Brian V. Camden, principal of Hardened Structures, has been in business for 32 years. The majority of his projects are underground bunkers beneath fortified homes in locations ranging from Brooklyn to ranches out West, as well as contracted military work in the Middle East.
“I collaborate with architects, engineers, Navy Seals,” Mr. Camden said. “We have ex-military employees specializing in C.B.R.N. — chemical biological radio nuclear analysis.”
Hardened Structures also works with a company called Red Team Analysis, ex-Navy Seals who teach bunker breaching to officials from the National Security Agency.
When Hardened Structures is building a bunker, Mr. Camden said, Red Team Analysis supervises their work. Unlike Northeast Bunkers or Atlas, Hardened Structures does not design steel enclosures, but rather cast reinforced concrete, which he says would shield the interior of the bunker from an electromagnetic pulse or geomagnetic storm.
The company’s underground shelters are made from cast-in-place reinforced concrete. The prices range anywhere from $600 to $3,000 per square foot. Factors affecting the cost include blast overpressure (thickness of the concrete walls and structure) and whether it is designed to withstand chemical, biological and radiological dispersion, and conventional weapons — “also known as weapons of mass destruction,” Mr. Camden said. “Other factors include the client’s secrecy requirements, the site geotechnical makeup, and the extent of EMP shielding within the shelter itself,” he added, referring to electromagnetic shielding.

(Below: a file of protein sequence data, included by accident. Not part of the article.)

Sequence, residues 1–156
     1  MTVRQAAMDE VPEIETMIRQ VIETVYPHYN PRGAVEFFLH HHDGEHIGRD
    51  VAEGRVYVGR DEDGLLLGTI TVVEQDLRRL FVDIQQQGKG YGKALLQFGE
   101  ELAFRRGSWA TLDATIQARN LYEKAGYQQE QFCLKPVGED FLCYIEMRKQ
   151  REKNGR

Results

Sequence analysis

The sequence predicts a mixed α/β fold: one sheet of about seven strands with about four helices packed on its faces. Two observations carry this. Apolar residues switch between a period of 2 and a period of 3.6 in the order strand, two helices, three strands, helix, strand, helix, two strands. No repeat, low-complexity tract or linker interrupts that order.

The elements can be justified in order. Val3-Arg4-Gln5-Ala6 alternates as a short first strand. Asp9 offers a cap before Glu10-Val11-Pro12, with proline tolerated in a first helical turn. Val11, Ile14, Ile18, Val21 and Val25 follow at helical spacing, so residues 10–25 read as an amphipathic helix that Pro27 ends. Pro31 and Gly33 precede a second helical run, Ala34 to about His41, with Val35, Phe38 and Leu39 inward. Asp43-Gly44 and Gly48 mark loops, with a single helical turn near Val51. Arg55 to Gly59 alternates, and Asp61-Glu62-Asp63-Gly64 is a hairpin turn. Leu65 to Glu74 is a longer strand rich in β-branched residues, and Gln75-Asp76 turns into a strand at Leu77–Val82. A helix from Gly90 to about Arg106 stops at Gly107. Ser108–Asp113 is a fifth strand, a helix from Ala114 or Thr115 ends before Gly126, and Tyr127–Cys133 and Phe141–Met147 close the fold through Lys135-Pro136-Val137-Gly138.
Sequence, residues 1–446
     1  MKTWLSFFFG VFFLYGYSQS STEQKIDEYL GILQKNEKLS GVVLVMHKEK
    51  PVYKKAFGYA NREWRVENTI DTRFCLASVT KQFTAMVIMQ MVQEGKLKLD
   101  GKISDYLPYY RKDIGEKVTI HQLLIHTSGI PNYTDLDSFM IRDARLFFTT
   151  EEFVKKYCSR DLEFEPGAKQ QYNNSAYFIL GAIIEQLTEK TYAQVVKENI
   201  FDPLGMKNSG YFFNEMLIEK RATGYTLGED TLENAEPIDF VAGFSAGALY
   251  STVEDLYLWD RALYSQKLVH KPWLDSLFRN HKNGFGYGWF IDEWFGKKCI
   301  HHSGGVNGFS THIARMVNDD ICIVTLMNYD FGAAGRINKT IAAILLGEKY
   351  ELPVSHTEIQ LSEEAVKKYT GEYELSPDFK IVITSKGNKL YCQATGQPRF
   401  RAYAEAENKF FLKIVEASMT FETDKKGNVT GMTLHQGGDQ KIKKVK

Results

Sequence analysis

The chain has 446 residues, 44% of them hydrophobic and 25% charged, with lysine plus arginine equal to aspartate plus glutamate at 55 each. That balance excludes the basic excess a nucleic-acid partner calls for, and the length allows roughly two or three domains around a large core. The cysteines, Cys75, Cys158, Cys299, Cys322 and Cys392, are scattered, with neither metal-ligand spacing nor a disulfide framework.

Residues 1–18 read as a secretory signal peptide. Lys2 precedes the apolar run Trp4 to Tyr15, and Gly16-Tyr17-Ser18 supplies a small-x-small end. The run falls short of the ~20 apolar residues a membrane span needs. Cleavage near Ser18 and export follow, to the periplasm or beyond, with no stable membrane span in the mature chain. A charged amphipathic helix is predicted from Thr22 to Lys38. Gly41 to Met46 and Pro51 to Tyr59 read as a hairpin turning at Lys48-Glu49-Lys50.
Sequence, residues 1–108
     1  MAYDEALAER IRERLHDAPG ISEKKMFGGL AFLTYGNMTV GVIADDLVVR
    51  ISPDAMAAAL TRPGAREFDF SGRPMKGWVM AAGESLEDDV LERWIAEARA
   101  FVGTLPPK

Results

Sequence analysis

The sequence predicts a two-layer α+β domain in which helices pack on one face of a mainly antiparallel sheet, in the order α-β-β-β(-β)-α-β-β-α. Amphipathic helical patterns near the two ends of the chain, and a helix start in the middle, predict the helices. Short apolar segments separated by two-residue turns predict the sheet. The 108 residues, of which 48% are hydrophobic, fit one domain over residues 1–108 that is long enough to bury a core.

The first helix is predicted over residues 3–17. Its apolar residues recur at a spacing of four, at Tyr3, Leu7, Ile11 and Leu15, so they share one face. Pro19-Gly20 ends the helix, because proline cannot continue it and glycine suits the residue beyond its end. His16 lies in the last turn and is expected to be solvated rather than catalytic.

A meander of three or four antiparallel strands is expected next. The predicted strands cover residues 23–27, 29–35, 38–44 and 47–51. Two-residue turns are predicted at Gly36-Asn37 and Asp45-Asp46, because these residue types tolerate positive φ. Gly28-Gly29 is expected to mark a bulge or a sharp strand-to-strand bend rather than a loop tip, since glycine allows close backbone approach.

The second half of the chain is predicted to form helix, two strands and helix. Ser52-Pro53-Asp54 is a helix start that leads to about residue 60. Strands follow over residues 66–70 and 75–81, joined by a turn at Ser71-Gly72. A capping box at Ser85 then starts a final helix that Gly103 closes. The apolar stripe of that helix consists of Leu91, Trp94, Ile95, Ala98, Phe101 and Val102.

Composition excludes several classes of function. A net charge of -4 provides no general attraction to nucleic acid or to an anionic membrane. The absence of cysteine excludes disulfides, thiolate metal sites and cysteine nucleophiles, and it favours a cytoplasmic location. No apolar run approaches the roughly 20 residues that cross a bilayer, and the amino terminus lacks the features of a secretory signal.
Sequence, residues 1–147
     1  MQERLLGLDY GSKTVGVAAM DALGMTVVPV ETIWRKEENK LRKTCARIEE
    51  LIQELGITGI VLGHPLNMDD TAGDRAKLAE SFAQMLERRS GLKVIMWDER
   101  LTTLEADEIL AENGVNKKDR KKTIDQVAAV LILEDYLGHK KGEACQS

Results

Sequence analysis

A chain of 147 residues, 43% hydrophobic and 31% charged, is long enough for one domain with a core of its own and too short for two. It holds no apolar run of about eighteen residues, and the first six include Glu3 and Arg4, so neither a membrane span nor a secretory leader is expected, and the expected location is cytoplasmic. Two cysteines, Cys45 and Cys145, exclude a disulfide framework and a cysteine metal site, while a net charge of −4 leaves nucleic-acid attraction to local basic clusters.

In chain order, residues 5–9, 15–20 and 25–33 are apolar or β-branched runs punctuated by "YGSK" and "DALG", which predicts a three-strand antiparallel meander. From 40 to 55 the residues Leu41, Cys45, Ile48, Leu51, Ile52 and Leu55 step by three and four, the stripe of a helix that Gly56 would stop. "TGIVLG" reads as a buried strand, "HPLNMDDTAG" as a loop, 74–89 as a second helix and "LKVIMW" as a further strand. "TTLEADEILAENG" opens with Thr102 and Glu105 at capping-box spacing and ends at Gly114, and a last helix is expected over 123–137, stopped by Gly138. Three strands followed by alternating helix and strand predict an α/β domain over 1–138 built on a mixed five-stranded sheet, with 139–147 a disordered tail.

With new business booming, bunker installers are also keeping busy with their previous clients.
Recently, Mr. Woodworth, of Northeast Bunkers returned from an installation job on Chebeague Island, in Casco Bay, Maine, and said he was so busy that clients were being wait-listed. Bunker upgrades have also become much more popular among Mr. Woodworth’s clients, and people who were putting in just six months’ worth of food are now putting in two years’ worth.
“I’m just a businessman who deals with paranoid people,” he said, “and it seems like the parameters of paranoia are changing every day.”